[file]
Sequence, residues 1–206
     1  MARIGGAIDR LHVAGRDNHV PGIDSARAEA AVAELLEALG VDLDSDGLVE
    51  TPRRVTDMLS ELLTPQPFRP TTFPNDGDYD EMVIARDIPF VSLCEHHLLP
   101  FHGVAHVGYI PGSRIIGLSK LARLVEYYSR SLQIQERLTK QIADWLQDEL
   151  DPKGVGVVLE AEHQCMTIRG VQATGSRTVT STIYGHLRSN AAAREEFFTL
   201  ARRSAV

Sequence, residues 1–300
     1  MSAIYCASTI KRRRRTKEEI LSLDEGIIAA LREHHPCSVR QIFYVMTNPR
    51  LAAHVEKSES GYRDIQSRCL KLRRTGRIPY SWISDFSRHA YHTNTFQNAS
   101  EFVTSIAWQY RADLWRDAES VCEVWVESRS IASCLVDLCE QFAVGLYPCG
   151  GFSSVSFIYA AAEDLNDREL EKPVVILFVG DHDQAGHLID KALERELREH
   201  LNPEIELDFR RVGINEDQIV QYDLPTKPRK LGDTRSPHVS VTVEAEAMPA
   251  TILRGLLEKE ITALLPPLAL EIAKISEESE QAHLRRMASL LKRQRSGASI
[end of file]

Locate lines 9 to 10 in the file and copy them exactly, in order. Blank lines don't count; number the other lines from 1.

    51  LAAHVEKSES GYRDIQSRCL KLRRTGRIPY SWISDFSRHA YHTNTFQNAS
   101  EFVTSIAWQY RADLWRDAES VCEVWVESRS IASCLVDLCE QFAVGLYPCG